A traditional business suit might be transformed into a bold power suit, made from upcycled sari fabric and embellished with traditional prints like paisleys. The going-out top gets a revamp with a Mandarin collar and a miniskirt to match.
The diaspora is increasingly searching for uniquely Asian American fashion, and Asian-owned brands are responding by increasingly highlighting their blended identity with trendy and culturally inspired clothing collections. They're using fabrics, cuts and accessories to meet the communities' needs.
And the demand has been evident: For example, HoliCHIC, an Indian American clothing company based in New York City, has had a 310% increase in sales since 2021, according to the brand. Dawang, a Chinese American streetwear company based in New York, has doubled its sales every year since its inception in 2019, the company told NBC News.
Megha Rao, the founder and designer of HoliCHIC, said she has a following of young South Asian professionals looking for Indo-Western clothes to wear at work and events and when they go out.
Rao, 40, said that from sari-inspired formal gowns to jewel-toned blazers embroidered with traditional Indian designs, HoliCHIC set out to make pieces that were subtle but unmistakably South Asian.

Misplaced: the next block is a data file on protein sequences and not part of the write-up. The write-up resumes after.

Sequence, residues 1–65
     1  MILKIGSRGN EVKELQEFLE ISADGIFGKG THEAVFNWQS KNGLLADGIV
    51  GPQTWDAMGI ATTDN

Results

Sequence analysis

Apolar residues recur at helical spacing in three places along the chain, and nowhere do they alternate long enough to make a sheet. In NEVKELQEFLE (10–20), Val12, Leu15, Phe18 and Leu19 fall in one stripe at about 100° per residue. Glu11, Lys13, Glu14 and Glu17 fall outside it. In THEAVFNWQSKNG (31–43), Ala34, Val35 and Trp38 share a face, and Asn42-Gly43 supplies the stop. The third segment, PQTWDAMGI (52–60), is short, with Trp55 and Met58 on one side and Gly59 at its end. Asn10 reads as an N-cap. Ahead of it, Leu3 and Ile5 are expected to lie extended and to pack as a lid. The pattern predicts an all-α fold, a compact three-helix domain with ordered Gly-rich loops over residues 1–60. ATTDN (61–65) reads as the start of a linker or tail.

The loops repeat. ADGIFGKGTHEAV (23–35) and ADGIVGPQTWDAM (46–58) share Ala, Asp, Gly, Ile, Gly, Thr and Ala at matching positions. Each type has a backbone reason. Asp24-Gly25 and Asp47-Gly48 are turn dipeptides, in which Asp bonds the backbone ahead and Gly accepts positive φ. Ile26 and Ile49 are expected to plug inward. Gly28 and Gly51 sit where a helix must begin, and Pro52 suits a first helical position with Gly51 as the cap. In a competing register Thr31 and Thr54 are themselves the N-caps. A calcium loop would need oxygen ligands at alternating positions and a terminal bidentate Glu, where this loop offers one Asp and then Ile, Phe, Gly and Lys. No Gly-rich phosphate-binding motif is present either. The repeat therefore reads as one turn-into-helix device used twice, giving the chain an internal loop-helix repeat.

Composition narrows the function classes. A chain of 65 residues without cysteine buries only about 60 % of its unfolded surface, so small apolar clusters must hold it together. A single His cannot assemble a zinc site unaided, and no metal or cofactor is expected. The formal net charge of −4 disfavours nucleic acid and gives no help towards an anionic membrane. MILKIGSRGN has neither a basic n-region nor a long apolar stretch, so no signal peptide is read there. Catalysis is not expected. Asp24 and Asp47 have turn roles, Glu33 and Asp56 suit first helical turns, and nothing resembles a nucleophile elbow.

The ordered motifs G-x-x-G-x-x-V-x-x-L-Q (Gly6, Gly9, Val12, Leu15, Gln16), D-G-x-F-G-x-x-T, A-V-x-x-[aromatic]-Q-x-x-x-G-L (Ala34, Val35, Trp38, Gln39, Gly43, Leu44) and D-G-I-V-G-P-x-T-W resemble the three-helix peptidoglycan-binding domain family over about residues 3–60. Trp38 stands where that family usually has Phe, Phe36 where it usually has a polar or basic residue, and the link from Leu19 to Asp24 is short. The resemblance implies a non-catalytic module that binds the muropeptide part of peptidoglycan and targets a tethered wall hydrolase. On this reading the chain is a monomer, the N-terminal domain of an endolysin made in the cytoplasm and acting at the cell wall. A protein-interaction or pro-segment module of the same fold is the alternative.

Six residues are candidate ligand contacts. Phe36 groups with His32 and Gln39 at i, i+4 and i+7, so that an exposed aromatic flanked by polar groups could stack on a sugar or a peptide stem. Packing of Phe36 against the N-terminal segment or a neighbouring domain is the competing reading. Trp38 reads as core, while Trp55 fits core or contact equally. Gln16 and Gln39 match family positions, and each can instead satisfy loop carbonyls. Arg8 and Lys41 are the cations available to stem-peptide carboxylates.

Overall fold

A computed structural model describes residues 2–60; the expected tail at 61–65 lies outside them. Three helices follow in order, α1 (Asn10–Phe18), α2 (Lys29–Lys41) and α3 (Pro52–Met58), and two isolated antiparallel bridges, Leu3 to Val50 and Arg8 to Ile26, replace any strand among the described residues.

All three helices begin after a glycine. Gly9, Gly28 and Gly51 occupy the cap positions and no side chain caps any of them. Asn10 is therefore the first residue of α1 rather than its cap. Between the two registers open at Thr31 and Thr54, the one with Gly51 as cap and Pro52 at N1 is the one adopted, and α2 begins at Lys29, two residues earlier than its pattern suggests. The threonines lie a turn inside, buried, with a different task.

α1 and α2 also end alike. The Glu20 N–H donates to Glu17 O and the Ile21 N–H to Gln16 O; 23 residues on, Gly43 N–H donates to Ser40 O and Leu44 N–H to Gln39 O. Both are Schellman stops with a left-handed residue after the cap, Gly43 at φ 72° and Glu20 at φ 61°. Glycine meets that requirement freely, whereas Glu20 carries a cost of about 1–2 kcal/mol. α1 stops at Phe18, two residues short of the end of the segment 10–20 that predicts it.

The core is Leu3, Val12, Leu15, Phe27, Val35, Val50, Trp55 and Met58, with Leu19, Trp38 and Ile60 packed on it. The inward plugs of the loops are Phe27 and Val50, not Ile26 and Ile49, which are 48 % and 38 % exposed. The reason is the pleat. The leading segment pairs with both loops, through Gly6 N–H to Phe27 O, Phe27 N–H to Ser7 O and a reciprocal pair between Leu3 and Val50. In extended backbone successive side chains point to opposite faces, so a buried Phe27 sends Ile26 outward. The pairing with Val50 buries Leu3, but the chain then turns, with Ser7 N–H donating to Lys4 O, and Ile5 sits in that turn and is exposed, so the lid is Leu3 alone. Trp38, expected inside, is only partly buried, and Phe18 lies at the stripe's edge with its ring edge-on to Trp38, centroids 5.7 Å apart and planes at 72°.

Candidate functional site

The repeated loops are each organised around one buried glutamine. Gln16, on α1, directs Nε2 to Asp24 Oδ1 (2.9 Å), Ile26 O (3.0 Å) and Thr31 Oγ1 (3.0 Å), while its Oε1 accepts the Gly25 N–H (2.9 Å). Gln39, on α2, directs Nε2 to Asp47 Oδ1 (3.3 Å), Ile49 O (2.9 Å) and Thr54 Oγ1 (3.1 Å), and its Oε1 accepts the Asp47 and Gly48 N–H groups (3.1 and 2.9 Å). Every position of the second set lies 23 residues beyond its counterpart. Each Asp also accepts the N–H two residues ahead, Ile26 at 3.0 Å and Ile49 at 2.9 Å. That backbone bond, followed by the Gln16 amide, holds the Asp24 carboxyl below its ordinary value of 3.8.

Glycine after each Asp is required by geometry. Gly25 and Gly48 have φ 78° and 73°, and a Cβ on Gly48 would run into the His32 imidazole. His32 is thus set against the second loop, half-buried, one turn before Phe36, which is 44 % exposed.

HoliCHIC also sells traditional Indian clothes, but its Indo-Western collections, which include pieces like pencil dresses and crop tops made from silk fabric, generally used to make saris or lenghas — two-piece Indian formal outfits that include floor-length skirts and cropped shirts — are its most popular pieces.
“It’s really about [using] South Asian textiles — the embroidery and the traditional fabrics that we’ve all come to love and appreciate,” she said. “Normally, you’ll find it in a sari or a lengha. But as a designer, I’m constantly trying to think of unique ways to play with cuts.”
Indian textiles have historically been known for their vibrant dyes, distinct weaving, intricate embroidery and stamped prints. Rao used those textiles, typically made into Indian clothes, to create some of her most popular items.
“It’s like a new, fresh take on all of these beautiful fabrics that our moms used to wear,” she said.